Log in | Register

Government aims to cut emissions by 230 million metric tonnes

Words: Laura Edgar
Energy efficient homes / iStock-901093568

The government has outlined plans to transform the UK’s energy system from one based on fossil fuels to one that is ‘fit for a zero-carbon economy’.

This includes changing how homes are heated, how people travel, doubling electricity use and harnessing renewable energy supplies.

This is one of several core elements in the government’s energy white paper, which also seeks to support up to 220,000 British jobs.

It builds on Prime Minister Boris Johnson’s 10-point plan for a green recovery from Covid-19.

The energy white paper sets out the steps the government plans to take over the next 10 years to cut emissions from industry, transport, and buildings by 230 million metric tonnes, which is equivalent to taking 7.5 million petrol cars off the road permanently.

In addition, the government wants to boost competition in the energy retail market to address the issue that long-standing customers pay more than new ones.

Energy secretary Alok Sharma said the government’s plan “establishes a decisive and permanent shift away from our dependence on fossil fuels, towards cleaner energy sources that will put our country at the forefront of the global green industrial revolution”.

Through a “major” programme of investment and reform, the government is “determined to both decarbonise our economy in the most cost-effective way, while creating new sunrise industries and revitalising our industrial heartlands that will support new green jobs for generations to come”.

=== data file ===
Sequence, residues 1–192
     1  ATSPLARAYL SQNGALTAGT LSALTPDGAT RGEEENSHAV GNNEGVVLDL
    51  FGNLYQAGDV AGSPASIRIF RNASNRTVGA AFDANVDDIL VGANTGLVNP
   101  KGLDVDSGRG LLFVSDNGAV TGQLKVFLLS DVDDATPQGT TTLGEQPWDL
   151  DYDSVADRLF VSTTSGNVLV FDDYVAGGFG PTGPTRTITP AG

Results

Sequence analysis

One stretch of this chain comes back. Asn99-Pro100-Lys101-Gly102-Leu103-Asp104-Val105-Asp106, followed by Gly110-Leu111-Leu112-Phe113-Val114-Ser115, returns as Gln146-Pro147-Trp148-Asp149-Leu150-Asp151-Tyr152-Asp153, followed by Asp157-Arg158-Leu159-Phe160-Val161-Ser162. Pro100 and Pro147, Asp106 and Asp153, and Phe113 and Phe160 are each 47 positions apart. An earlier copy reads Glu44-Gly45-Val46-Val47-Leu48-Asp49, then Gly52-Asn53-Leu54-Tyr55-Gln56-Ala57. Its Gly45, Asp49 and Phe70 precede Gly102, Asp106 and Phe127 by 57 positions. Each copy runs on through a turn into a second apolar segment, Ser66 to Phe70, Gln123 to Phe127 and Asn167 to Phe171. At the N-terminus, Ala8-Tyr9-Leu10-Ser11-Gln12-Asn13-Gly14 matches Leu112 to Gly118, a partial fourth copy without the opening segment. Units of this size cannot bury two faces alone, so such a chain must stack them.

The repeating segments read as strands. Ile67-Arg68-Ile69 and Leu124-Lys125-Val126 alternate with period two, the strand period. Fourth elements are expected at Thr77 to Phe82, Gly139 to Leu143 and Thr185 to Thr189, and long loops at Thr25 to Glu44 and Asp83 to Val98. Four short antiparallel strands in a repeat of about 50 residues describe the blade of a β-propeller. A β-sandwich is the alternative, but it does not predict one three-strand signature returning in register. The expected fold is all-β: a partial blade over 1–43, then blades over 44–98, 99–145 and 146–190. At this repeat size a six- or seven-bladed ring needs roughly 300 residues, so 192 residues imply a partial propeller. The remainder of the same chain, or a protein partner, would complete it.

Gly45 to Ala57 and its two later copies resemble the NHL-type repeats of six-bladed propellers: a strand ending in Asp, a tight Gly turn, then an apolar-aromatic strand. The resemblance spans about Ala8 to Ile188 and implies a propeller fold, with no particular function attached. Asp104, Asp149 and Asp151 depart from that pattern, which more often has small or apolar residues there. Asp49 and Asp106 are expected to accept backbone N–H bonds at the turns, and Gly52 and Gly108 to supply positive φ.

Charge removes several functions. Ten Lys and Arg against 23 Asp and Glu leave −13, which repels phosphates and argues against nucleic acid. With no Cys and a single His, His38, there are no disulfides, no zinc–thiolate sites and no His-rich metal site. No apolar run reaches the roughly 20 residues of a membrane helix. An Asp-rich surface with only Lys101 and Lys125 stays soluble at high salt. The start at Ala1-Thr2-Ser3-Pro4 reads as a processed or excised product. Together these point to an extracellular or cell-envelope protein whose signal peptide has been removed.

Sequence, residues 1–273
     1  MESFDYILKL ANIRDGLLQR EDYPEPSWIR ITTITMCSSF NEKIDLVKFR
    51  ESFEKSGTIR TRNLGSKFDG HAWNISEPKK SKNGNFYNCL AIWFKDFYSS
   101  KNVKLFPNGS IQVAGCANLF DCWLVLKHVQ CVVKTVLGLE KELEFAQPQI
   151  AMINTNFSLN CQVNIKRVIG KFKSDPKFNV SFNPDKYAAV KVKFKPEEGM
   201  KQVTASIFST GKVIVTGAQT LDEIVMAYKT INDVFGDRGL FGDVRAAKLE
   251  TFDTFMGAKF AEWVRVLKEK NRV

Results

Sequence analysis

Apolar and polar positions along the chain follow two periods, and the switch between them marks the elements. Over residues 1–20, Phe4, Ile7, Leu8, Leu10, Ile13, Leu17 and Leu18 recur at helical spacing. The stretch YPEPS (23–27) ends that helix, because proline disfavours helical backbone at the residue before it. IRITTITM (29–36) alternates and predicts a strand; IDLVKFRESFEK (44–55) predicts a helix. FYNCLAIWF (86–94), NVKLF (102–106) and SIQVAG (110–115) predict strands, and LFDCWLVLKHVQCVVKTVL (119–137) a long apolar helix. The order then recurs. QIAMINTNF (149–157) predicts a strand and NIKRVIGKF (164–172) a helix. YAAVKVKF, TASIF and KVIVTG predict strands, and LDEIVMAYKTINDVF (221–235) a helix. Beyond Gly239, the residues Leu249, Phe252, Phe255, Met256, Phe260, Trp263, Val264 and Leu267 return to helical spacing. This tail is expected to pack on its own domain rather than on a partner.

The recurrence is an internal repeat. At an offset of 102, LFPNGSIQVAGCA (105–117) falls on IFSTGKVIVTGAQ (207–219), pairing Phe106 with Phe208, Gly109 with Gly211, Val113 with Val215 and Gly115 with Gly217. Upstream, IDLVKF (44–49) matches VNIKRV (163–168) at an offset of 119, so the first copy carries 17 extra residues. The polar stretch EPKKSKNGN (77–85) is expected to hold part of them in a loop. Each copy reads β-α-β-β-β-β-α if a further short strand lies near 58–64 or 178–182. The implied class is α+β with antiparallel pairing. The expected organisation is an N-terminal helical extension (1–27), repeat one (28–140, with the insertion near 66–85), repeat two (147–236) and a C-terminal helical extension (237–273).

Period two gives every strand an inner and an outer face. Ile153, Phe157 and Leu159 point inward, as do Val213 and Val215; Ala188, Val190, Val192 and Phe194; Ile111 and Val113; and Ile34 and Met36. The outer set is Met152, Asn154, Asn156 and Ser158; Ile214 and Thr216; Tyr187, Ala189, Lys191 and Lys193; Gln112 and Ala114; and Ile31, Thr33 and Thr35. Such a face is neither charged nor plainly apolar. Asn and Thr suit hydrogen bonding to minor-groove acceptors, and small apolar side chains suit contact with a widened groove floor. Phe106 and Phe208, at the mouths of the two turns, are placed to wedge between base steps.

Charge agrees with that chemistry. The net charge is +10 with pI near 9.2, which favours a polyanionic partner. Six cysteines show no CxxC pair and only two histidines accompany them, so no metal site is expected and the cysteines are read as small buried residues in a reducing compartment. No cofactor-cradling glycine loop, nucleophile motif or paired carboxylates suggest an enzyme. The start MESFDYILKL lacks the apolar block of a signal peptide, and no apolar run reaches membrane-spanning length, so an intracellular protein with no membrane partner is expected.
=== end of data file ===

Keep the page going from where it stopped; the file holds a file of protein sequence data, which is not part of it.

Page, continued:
“At every step of the way, we will place affordability and fairness at the heart of our reforms – unleashing a wave of competition so consumers get the best deals possible on their bills, while protecting the vulnerable and fuel poor with additional financial support.

“With this long-term plan, we are turning climate ambition into climate action – putting the UK firmly on the course to net-zero to end our contribution to climate change as we build back greener.”

Core parts of the energy white paper include:

  • Supporting up to 220,000 jobs in the next 10 years. This includes long-term jobs in major infrastructure projects for power generation, carbon-capture storage and hydrogen, as well as a major programme of retrofitting homes for improved energy efficiency and clean heat.
  • Transforming the UK’s energy system from one that was historically based on fossil fuels to one that is fit for a net-zero economy, changing how people heat their homes and travel, doubling electricity use, and harnessing renewable energy supplies.
  • Generating emission-free electricity by 2050 with a trajectory that will see the UK have overwhelmingly decarbonised power in the 2030s. Low-carbon electricity will be a key enabler of the transition to a net-zero economy with demand expected to double due to transport and low-carbon heat.
  • Establishing a UK Emissions Trading Scheme (UK ETS) from 1 January 2021 to replace the current EU ETS at the end of the transition period. It increases ambition on reducing emissions, and provides continuation of emissions trading for UK businesses and certainty on how they operate.